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SAP gains on Oracle, reasserts growth strategy

The software vendor said its strategy to grow the company without making acquisitions is paying off.

SAP reported a nearly 20% increase in third quarter software license sales, easily beating analysts' forecasts...

with strong sales in the United States and Germany.

SAP accelerated its investment to create opportunities in the future, spending money on less expensive and more efficient organic growth.
Henning Kagermann,

The software vendor's global license sales rose to $705 million. Revenue in the United States increased 34% to $237.8 million.

SAP executives have been on a vocal campaign to create uncertainty in the market, surrounding how Oracle will manage merging the $18 billion in acquisitions it made this year, including PeopleSoft Inc., J.D. Edwards & Co., Retek Inc., Siebel Systems Inc. and others.

"SAP accelerated its investment to create opportunities in the future, spending money on less expensive and more efficient organic growth," said SAP CEO Henning Kagermann, during a conference call this morning for financial analysts.

Kagermann also estimated that SAP's global market share rose from 58% to 60% in the second quarter. Market share in the United States also rose from 41% to 44%, according to Kagermann, outpacing Microsoft, Oracle and Siebel.

SAP recently extended its Safe Passage program, offering license credits and services to Siebel customers. The program is also being offered to customers using other software vendor products being acquired by Oracle. So far, SAP said 30 customers, including luggage maker Samsonite Corp., have signed on through the program.

Analysts said while not many customers will migrate to SAP based on a license credit program, Safe Passage has been successful in fueling the market uncertainty.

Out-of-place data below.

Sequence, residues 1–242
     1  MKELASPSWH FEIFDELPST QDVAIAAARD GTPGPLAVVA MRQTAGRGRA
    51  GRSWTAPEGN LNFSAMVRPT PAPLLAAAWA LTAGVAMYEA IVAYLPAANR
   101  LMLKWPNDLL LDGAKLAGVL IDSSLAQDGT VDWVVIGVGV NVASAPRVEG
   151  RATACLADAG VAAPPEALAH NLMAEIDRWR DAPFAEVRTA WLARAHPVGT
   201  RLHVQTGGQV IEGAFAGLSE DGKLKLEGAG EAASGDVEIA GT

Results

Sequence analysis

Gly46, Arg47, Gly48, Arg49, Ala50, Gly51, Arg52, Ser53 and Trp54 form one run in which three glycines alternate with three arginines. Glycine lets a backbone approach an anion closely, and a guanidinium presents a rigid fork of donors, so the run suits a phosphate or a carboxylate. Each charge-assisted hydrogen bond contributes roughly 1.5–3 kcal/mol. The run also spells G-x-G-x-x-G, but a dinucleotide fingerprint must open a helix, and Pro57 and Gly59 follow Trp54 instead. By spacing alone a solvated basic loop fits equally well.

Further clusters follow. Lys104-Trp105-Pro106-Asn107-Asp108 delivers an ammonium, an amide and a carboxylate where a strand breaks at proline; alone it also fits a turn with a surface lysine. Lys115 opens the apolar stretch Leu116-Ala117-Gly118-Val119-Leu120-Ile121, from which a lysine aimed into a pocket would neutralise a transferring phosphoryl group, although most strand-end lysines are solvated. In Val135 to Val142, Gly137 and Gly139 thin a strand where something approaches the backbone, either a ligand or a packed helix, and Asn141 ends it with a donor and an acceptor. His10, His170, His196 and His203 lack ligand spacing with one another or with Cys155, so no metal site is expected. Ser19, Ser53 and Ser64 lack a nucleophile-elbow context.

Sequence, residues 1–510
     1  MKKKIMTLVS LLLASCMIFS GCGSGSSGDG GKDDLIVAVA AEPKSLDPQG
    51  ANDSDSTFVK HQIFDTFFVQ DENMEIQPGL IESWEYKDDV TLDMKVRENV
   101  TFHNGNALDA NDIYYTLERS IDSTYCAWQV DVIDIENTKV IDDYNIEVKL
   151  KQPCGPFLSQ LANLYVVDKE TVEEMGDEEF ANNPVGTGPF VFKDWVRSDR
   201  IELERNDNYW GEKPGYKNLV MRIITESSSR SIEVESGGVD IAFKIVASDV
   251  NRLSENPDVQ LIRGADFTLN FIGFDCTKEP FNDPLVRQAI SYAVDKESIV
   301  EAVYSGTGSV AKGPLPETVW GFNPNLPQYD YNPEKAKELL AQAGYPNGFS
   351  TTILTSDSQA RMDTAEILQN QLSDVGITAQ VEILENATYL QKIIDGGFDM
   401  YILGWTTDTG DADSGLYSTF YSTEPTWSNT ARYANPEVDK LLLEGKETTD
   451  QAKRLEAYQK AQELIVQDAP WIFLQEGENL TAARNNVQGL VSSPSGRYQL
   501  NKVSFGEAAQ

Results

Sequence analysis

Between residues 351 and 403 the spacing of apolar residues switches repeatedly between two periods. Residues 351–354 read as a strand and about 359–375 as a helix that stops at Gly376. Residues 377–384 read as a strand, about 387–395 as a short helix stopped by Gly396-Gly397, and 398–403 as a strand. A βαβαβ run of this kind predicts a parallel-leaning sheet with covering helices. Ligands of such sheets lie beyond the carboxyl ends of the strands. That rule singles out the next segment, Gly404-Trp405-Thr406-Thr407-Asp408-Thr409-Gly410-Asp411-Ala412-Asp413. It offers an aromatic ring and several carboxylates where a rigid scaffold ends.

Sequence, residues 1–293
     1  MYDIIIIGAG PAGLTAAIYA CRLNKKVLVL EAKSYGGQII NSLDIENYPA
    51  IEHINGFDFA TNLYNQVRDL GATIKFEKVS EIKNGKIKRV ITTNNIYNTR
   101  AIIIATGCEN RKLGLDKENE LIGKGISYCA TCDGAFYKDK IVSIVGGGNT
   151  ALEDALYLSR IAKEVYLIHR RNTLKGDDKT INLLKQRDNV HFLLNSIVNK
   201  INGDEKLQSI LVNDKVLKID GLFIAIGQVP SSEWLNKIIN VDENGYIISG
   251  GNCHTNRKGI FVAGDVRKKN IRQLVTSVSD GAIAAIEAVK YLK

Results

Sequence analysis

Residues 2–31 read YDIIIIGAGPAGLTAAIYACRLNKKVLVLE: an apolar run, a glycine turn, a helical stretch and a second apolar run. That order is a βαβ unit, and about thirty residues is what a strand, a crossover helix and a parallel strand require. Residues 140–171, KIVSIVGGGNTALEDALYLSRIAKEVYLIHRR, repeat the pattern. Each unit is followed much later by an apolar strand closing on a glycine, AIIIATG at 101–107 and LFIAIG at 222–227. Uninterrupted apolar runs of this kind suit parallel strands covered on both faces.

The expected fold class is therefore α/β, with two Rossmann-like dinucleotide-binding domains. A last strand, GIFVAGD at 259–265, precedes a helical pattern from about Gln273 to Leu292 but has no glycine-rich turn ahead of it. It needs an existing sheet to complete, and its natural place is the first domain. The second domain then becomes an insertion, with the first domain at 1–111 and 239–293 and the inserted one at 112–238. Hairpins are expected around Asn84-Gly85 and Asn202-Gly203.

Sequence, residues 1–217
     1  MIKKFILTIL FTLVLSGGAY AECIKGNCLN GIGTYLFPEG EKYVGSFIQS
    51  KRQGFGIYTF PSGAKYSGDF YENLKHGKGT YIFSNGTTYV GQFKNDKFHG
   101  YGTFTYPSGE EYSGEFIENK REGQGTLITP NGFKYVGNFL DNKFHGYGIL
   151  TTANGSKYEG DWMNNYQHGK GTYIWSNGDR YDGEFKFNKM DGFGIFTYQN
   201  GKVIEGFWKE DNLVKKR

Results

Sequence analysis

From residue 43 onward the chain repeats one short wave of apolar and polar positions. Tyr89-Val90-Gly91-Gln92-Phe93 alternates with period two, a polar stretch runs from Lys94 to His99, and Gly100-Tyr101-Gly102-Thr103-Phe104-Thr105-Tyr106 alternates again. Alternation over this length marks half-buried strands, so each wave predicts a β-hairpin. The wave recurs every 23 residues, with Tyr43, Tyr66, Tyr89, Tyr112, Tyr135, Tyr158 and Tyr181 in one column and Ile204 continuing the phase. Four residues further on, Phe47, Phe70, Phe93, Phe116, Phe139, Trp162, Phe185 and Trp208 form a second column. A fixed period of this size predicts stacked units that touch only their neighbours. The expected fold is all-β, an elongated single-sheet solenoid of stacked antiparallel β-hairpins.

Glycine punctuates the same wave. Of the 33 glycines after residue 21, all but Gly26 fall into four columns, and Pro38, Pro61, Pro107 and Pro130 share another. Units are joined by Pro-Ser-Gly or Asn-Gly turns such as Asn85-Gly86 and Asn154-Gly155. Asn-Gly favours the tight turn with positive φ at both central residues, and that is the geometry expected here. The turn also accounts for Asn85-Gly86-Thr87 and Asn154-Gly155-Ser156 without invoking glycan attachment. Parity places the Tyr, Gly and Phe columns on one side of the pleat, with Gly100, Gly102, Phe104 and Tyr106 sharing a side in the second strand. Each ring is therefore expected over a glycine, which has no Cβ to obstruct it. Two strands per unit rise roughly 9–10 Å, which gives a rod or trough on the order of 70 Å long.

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"These programs are designed to put another vendor on the defensive and apply pressure based on the first move," said Ray Wang, a senior analyst at Forrester Research Inc. "If you are just starting to look, you consider it, but then you look at the implementation costs and realize it's not that great a deal, unless you are planning to be a complete SAP shop."

In addition, SAP has been working to improve its network of partner independent software vendors (ISVs), adding hundreds of partner vendors this year to create products on the NetWeaver platform, Kagermann said. Larger partners, including Intel, Cisco Systems Inc. and EMC Corp., signed agreements to create products that are compatible with SAP's enterprise services architecture (ESA) strategy.

"We are actively engaging with partners for co-innovation and have already made significant announcements about the buildup around our enterprise services architecture," Kagermann said. "We have a clear and defined roadmap, while others face a long and complex process of fusing together pieces of acquisitions."

Mendocino on track; NetWeaver adoption rising

Kagermann said SAP's partnership with Microsoft to launch Mendocino, a product that merges Microsoft Office products with SAP systems, is on track to begin shipping in December, with general availability in spring 2006. A major deployment of analytical applications will also be launched next year, he said.

NetWeaver adoption is also rising, according to Kagermann. The earlier slow adoption of the NetWeaver platform was based on uncertainty about how open and standards based SAP's architecture would be, he said.

"Customers, as we expected, started business intelligence projects and are interconnecting one SAP system to another system using SAP XI; SAP Portal is another driver for NetWeaver," he said. "Customers are also starting to build composite applications ... and that gives us traction because customers have to buy NetWeaver usage."

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